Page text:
favorably reported to the House of Representatives by unanimous 
consent.

            COMMITTEE OVERSIGHT FINDINGS AND RECOMMENDATIONS

    Regarding clause 2(b)(1) of rule X and clause 3(c)(1) of 
rule XIII of the Rules of the House of Representatives, the 
Committee on Natural Resources' oversight findings and 
recommendations are reflected in the body of this report.

                   CONSTITUTIONAL AUTHORITY STATEMENT

    Article I, section 8 of the Constitution of the United 
States grants Congress the authority to enact this bill.

                    COMPLIANCE WITH HOUSE RULE XIII

    1. Cost of Legislation. Clause 3(d)(2) of rule XIII of the 
Rules of the House of Representatives requires an estimate and 
a comparison by the Committee of the costs which would be 
incurred in carrying out this bill. However, clause 3(d)(3)(B) 
of that rule provides that this requirement does not apply when 
the Committee has included in its report a timely submitted 
cost estimate of the bill prepared by the Director of the 
Congressional Budget Office under section 402 of the 
Congressional Budget Act of 1974.
    2. Congressional Budget Act. As required by clause 3(c)(2) 
of rule XIII of the Rules of the House of Representatives and 
section 308(a) of the Congressional Budget Act of 1974, this 
bill does not contain any new budget authority, spending 
authority, credit authority, or an increase or decrease in 
revenues or tax expenditures.
    3. General Performance Goals and Objectives. As required by 
clause 3(c)(4) of rule XIII, the general performance goal or 
objective of this bill is to authorize the Secretary of the 
Interior to conduct a special resource study to determine the 
suitability and feasibility of designating the Colonel Charles 
Young Home in Xenia, Ohio as a unit of the National Park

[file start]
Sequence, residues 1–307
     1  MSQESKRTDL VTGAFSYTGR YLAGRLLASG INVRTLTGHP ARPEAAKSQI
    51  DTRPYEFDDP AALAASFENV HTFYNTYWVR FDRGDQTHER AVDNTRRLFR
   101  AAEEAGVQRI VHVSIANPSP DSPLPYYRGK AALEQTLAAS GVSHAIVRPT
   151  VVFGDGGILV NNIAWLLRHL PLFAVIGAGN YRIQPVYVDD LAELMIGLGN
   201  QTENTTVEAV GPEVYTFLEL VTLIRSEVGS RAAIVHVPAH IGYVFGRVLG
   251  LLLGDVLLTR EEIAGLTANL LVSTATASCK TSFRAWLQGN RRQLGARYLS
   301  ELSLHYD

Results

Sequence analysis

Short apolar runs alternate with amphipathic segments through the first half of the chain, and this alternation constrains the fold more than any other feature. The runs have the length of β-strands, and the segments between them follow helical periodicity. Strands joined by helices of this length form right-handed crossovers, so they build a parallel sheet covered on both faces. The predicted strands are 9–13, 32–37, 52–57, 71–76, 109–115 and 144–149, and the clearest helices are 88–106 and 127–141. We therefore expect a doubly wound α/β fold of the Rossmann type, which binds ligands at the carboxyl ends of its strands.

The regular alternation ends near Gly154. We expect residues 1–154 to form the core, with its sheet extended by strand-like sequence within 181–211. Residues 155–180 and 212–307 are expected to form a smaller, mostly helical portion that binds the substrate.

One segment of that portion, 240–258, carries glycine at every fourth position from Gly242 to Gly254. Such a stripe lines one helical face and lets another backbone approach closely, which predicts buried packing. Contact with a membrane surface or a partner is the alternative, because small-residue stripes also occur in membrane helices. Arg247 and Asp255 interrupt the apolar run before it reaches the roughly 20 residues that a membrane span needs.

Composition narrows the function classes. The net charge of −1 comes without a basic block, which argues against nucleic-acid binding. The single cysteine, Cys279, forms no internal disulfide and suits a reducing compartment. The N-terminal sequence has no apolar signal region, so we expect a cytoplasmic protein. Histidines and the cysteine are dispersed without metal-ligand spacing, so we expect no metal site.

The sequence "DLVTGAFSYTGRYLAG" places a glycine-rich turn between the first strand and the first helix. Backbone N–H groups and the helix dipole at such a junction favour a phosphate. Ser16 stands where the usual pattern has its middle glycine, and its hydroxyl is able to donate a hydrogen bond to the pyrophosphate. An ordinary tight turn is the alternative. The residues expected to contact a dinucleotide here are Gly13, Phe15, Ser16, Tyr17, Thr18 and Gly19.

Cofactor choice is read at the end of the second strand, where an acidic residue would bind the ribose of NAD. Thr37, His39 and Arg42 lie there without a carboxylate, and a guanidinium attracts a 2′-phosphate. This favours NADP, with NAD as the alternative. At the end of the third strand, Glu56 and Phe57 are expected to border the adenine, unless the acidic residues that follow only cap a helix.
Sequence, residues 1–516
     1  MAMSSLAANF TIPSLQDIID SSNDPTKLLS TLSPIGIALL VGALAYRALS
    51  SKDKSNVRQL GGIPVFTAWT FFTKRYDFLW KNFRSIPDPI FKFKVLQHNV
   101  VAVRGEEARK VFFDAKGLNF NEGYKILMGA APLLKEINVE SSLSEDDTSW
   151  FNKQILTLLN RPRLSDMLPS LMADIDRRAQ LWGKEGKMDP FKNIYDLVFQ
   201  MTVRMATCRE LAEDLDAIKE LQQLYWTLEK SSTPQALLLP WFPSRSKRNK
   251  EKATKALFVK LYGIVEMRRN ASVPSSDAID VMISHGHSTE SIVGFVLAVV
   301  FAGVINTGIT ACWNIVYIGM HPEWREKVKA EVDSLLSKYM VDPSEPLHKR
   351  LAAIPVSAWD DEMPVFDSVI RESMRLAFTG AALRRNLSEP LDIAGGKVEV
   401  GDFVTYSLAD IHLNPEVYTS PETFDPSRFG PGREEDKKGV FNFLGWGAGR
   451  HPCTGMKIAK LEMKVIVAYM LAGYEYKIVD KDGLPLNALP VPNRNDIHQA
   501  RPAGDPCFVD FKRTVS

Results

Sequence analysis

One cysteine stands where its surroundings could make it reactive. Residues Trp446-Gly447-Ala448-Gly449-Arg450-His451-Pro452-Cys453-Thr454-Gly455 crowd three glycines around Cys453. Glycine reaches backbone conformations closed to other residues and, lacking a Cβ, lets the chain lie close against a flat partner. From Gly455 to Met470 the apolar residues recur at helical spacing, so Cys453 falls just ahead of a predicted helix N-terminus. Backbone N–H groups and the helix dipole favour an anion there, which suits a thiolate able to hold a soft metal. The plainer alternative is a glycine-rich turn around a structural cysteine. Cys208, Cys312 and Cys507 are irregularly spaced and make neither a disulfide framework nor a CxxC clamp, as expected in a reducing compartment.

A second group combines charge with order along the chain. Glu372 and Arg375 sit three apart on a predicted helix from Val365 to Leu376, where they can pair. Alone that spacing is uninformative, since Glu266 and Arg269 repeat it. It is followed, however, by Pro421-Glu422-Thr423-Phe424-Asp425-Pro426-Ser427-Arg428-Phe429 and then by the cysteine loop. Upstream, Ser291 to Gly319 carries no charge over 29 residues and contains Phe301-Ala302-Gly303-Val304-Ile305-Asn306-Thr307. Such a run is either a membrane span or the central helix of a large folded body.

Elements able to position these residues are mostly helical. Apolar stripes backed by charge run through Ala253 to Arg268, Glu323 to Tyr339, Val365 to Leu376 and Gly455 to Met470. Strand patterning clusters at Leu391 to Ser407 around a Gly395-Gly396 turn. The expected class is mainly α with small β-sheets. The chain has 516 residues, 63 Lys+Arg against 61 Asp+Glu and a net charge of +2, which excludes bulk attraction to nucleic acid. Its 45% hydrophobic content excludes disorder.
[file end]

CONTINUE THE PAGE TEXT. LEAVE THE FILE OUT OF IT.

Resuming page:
System.
    4. Congressional Budget Office Cost Estimate. Under clause 
3(c)(3) of rule XIII of the Rules of the House of 
Representatives and section 403 of the Congressional Budget Act 
of 1974, the Committee has received the following cost estimate 
for this bill from the Director of the Congressional Budget 
Office:

H.R. 4514--Colonel Charles Young Home Study Act

    H.R. 4514 would require the National Park Service (NPS) to 
conduct a special resource study of the Colonel Charles Young 
Home in Xenia, Ohio. Colonel Young was an African-American who 
served in the U.S. Army between 1884 and 1922. In the study, 
the NPS would evaluate the resources of the site and determine 
the suitability and feasibility of designating it as a unit of 
the National Park System. The NPS would have three years to 
complete the study and report to the Congress on its results.
    Based on information provided by the NPS and assuming the 
availability of appropriated funds, CBO estimates that carrying 
out the study required by H.R. 4514 would cost about $250,000 
over the next three years. Enacting H.R. 4514 would not affect 
direct spending or revenues; therefore, pay-as-you-go 
procedures would not apply.
    H.R. 4514 contains no intergovernmental or private-sector 
mandates as defined in the Unfunded Mandates Reform Act and 
would impose no costs on state, local, or tribal governments.
    The CBO staff contact for this estimate is Deborah Reis. 
The estimate was approved by Theresa Gullo, Deputy Assistant 
Director for Budget Analysis.

                    COMPLIANCE WITH PUBLIC LAW 104-4

    This bill contains no unfunded mandates.

                           EARMARK STATEMENT

    H.R. 4514 does not contain any congressional earmarks, 
limited tax benefits, or limited tariff benefits as defined in 
clause 9 of rule XXI.

                PREEMPTION OF STATE, LOCAL OR TRIBAL LAW

    This bill is not intended to preempt any State, local or 
tribal law.

                        CHANGES IN EXISTING LAW

    If enacted, this bill would make no changes in existing 
law.